Yukie is a Japanese interpreter whose recent project was interpreting for the Opening Ceremonies of the Tokyo Olympics. She is also an author and writes articles and books! Her pen name is Sena Amano. If you are interested in her book it is called: The Timeless Lessons to Learn From Japan
Can you explain your journey and how and why you became a language professional?
My biggest inspiration to be involved with languages was my grandma because she was born in the United States. She was a big influence on me. But becoming a language interpreter was never my goal. It was just life unfolded in a way that I did end up becoming one. So I just followed where my life took me, and now I’m here.
How long have you been interpreting?
I became a flight attendant for United Airlines in 1997, and then I became an onboard flight interpreter. I took on that role occasionally when there was a need for translation.
Have you ever thought you could make a career out of this?
I always wanted to be on an international stage. I was born in the countryside, very farm-like, fields everywhere. It was never my thing to be on an international stage or anything like that. Until I heard about my grandma’s stories, about her life from when she lived in the United States, when she was younger, those stories made me want to go abroad. She inspired me in so many ways. So one day, I decided that I wanted to leave Japan. I wanted to go overseas; that was always my dream, but not to become a language professional.
What was your first reaction when you learned you’d be the interpreter for the opening ceremonies of the Tokyo Olympics?
My first reaction was, “No way.” I thought they called the wrong person by accident. I’m sure there are many other people out there who speak much better English than I do. I know it quite well, but you still have to consider that it is my second language. I think I’m pretty far from being a “professional.” In my opinion, I’m not qualified to do this level of an event. But I ended up just going for it. Why not?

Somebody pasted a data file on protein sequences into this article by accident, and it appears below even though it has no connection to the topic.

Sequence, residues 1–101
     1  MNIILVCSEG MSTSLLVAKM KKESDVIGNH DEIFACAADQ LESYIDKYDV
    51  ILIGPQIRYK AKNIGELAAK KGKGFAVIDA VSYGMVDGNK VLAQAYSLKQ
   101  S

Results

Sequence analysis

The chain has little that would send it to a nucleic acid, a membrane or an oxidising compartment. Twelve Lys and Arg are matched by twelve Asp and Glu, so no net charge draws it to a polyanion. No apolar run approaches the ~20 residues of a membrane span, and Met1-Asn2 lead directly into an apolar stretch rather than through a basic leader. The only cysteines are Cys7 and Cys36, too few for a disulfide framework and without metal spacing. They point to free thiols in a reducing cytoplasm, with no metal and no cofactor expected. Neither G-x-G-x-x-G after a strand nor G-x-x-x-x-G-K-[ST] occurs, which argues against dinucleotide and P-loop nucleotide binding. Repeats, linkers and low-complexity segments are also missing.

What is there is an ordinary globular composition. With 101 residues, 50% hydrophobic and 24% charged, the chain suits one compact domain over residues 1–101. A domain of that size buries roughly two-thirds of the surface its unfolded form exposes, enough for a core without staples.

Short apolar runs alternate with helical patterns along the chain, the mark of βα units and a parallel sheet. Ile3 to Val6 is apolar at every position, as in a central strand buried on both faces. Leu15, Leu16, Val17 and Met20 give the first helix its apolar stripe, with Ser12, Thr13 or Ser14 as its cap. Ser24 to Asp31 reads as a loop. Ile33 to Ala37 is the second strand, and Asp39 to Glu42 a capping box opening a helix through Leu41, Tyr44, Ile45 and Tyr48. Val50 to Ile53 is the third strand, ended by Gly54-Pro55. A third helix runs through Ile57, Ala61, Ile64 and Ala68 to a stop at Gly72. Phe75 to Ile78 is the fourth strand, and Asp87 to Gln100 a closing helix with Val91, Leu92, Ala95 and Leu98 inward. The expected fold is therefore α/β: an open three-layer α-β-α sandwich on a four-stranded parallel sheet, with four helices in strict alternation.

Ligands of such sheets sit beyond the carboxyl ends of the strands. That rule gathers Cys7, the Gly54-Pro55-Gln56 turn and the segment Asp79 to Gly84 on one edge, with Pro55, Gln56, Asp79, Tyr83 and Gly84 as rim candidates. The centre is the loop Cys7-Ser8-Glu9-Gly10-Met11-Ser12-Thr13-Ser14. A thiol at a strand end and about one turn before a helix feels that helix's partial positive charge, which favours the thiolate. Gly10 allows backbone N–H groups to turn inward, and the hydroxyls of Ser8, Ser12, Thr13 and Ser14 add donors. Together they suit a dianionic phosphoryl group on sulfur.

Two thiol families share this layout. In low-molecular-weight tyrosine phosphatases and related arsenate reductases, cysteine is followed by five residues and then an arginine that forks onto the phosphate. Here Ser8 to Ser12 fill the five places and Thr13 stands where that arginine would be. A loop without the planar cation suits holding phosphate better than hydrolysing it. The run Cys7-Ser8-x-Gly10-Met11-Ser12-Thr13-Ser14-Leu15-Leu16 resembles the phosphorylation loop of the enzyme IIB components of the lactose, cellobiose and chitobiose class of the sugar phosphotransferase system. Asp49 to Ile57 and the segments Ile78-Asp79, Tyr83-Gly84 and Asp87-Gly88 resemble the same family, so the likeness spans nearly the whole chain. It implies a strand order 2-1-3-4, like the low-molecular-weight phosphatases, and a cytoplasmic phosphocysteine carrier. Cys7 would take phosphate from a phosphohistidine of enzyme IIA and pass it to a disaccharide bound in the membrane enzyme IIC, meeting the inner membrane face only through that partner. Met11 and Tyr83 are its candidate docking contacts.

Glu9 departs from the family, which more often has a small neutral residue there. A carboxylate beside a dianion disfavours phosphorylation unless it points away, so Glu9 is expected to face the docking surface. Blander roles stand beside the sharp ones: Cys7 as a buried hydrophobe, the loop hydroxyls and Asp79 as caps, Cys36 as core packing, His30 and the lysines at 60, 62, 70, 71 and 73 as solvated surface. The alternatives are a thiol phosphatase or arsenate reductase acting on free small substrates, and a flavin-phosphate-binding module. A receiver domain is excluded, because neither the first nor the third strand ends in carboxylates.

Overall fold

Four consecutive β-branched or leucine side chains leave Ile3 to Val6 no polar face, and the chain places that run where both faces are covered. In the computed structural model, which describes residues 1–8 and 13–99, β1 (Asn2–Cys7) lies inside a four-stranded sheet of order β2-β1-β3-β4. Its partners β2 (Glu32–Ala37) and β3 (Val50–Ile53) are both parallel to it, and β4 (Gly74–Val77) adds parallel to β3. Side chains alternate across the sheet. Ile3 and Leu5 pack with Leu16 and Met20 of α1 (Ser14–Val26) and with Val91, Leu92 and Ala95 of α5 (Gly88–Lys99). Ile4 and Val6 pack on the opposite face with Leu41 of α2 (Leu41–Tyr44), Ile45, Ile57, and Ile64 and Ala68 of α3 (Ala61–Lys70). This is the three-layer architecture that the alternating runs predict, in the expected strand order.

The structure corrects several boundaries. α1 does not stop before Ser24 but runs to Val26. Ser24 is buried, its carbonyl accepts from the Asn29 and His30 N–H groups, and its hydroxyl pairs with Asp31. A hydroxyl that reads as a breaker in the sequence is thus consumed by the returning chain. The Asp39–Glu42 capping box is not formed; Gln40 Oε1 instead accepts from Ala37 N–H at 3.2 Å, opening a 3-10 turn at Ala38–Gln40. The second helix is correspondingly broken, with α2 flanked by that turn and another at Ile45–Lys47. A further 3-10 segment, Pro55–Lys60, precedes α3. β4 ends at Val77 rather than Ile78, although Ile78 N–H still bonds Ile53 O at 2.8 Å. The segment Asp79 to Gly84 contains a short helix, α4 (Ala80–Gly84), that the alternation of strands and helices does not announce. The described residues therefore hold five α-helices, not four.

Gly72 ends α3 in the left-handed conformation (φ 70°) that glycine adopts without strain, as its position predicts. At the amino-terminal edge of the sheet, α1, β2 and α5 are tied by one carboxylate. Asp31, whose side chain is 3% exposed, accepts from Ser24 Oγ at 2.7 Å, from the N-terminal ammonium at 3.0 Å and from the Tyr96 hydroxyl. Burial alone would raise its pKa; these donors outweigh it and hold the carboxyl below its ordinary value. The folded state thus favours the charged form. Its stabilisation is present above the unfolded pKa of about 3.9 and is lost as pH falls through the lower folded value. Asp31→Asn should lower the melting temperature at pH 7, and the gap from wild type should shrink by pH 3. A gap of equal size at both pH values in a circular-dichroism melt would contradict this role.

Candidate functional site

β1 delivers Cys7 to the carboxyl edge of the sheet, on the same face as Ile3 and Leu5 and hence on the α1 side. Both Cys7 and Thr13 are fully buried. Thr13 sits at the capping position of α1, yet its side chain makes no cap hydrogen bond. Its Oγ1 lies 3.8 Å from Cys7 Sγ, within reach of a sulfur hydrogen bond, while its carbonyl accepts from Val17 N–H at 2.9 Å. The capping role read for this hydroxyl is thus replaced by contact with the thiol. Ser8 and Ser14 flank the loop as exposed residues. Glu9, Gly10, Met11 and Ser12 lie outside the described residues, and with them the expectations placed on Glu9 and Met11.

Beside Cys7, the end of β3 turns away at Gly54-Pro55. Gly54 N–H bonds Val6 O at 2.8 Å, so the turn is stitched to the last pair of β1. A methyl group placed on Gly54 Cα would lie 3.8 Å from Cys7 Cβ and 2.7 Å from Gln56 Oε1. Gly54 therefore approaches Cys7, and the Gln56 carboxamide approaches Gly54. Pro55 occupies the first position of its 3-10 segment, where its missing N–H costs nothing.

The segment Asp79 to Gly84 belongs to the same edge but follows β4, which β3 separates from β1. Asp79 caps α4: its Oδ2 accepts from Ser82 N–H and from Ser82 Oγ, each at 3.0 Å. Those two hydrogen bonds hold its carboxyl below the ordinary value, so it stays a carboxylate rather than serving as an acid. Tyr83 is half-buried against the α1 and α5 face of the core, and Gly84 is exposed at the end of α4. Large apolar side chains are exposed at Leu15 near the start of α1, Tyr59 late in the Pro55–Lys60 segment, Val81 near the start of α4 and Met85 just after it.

What was it like to be part of something of that size and significance?
It was such a big honour. The Olympic Games are the biggest sporting event in the world, and it was my great pleasure to be a bridge between Canada and Japan. And having an Olympics in my home country meant that much more to me. Japan is very special. It was a great honour to interpret the words of the Emperor. That was incredible. I was extremely humbled and grateful. What else can I say? It just meant a lot to me to interpret the words of the Emperor, His Majesty. It was just amazing. It was more than I deserved. I couldn’t believe that I did that. I still can’t.
How did you prepare?
I did a lot of preparation, and I did a lot of research, maybe about a week. I think I spent every single night researching every possible source. The CBC sent me the media guide in advance, so I read that very carefully, and all the Olympic chatter on the internet. I also had to look into what athletes, judges, and coaches say. And this was great because the Olympic Committee wanted it said in a very specific way. There was a phrase that needed to be translated in a certain way. So, if I didn’t research in advance, I wouldn’t be able to translate simultaneously without preparation in the way they wanted. So I even printed it out for myself and practiced it at home many times, and it did help me a lot because there was no script. So when they started saying it, it was just natural for me.
So you didn’t know what was going to be said prior?
No, that’s right. I just had to do a lot of research, but at least I knew that the Emperor would do the Opening Ceremonies and declare the opening of the games. I didn’t know how to address him in English formally, properly. I wanted to make sure I addressed his name properly in English. So I called up the Japanese Embassy in Ottawa, got in contact with some people who have met the Emperor directly in person, and asked them about how I should address him.
Were you on video at all? Or was it audio-only?
It was audio only. I was taken to the small booth. And there were many booths on that floor. But all the other ones were pretty far from me, so I was completely alone. It was a small booth, which helped me a lot because I could concentrate 100%. When I took on this challenge, I was reluctant at first to take this assignment because I thought that I was not qualified. It was too big for me to take anyway, you know, but I took it. So it came with a huge responsibility. Once I accepted, I was like, I have to do it now. I mean, I cannot go back no matter what at this point, right. That’s why I had to have amazing self-discipline. I had a responsibility to perform well.
Can you tell us more about your responsibilities and what the work environment was like?
My responsibility; I thought about it when I read the questions when I was preparing for this interview, and I think my responsibility was to trust myself 100% and believe in myself that I can do this.